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Wendy Austin [10]Wendy J. Austin [3]
  1. Wendy Austin (2012). Moral Distress and the Contemporary Plight of Health Professionals. HEC Forum 24 (1):27-38.
    Once a term used primarily by moral philosophers, “moral distress” is increasingly used by health professionals to name experiences of frustration and failure in fulfilling moral obligations inherent to their fiduciary relationship with the public. Although such challenges have always been present, as has discord regarding the right thing to do in particular situations, there is a radical change in the degree and intensity of moral distress being expressed. Has the plight of professionals in healthcare practice changed? “Plight” encompasses not (...)
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  2. Wendy J. Austin (2011). The Incommensurability of Nursing as a Practice and the Customer Service Model: An Evolutionary Threat to the Discipline. Nursing Philosophy 12 (3):158-166.
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  3. Deborah L. Olmstead, Shannon D. Scott & Wendy J. Austin (2010). Unresolved Pain in Children: A Relational Ethics Perspective. Nursing Ethics 17 (6):695-704.
    It is considered the right of children to have their pain managed effectively. Yet, despite extensive research findings, policy guidelines and practice standard recommendations for the optimal management of paediatric pain, clinical practices remain inadequate. Empirical evidence definitively shows that unrelieved pain in children has only harmful consequences, with no benefits. Contributing factors identified in this undermanaged pain include the significant role of nurses. Nursing attitudes and beliefs about children’s pain experiences, the relationships nurses share with children who are suffering, (...)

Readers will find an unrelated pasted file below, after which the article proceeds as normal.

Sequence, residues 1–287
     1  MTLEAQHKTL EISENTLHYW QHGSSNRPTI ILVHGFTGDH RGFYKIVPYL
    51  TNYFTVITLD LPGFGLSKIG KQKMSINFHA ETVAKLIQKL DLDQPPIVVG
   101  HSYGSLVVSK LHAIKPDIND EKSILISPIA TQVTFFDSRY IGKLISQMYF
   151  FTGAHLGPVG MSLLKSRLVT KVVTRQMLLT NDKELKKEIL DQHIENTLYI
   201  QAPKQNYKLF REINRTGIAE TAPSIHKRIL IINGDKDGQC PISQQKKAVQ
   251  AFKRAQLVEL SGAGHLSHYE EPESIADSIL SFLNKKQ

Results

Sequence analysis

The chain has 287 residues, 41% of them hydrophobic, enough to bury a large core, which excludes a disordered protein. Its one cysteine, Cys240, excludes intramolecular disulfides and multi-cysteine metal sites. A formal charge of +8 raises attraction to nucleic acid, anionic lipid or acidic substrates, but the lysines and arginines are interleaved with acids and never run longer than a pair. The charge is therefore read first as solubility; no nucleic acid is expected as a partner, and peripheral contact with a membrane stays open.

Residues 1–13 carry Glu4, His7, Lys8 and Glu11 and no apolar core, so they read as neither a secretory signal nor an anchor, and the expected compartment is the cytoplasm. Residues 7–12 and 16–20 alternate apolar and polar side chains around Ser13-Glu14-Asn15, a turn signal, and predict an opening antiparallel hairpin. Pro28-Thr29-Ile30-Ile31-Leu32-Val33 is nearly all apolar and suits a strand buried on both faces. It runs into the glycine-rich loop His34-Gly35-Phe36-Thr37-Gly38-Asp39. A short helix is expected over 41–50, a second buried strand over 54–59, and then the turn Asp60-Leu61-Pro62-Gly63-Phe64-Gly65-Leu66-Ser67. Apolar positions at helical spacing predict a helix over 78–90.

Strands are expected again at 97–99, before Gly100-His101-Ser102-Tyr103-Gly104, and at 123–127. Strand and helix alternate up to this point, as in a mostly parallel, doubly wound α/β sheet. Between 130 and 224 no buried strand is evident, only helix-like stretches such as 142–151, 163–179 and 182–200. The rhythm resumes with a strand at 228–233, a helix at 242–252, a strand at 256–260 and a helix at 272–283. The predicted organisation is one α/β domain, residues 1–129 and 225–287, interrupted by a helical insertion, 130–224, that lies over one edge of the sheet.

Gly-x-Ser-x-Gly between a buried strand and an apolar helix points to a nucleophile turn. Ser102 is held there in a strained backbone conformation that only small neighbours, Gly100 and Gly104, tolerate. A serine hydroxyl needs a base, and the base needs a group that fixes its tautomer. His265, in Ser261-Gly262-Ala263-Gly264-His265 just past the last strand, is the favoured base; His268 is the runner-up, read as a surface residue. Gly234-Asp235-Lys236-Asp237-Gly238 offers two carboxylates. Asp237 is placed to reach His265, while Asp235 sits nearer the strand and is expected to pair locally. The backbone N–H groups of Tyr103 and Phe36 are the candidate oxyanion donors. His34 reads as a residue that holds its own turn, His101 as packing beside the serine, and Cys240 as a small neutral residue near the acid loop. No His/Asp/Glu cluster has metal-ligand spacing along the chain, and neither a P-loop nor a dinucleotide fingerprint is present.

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  4. Wendy Austin, Erika Goble, Brendan Leier & Paul Byrne (2009). Compassion Fatigue: The Experience of Nurses. Ethics and Social Welfare 3 (2):195-214.
    The term compassion fatigue has come to be applied to a disengagement or lack of empathy on the part of care-giving professionals. Empathy and emotional investment have been seen as potentially costing the caregiver and putting them at risk. Compassion fatigue has been equated with burnout, secondary traumatic stress disorder, vicarious traumatization, secondary victimization or co-victimization, compassion stress, emotional contagion, and counter-transference. The results of a Canadian qualitative research project on nurses? experience of compassion fatigue are presented. Nurses, self-identified as (...)
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  5. Wendy Austin, Julija Kelecevic, Erika Goble & Joy Mekechuk (2009). An Overview of Moral Distress and the Paediatric Intensive Care Team. Nursing Ethics 16 (1):57-68.
    A summary of the existing literature related to moral distress (MD) and the paediatric intensive care unit (PICU) reveals a high-tech, high-pressure environment in which effective teamwork can be compromised by MD arising from different situations related to: consent for treatment, futile care, end-of-life decision making, formal decision-making structures, training and experience by discipline, individual values and attitudes, and power and authority issues. Attempts to resolve MD in PICUs have included the use of administrative tools such as shift worksheets, the (...)
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  6. Joanne Whitty-Rogers, Marion Alex, Cathy MacDonald, Donna Pierrynowski Gallant & Wendy Austin (2009). Working with Children in End-of-Life Decision Making. Nursing Ethics 16 (6):743-758.
    Traditionally, physicians and parents made decisions about children’s health care based on western practices. More recently, with legal and ethical development of informed consent and recognition for decision making, children are becoming active participants in their care. The extent to which this is happening is however blurred by lack of clarity about what children — of diverse levels of cognitive development — are capable of understanding. Moreover, when there are multiple surrogate decision makers, parental and professional conflict can arise concerning (...)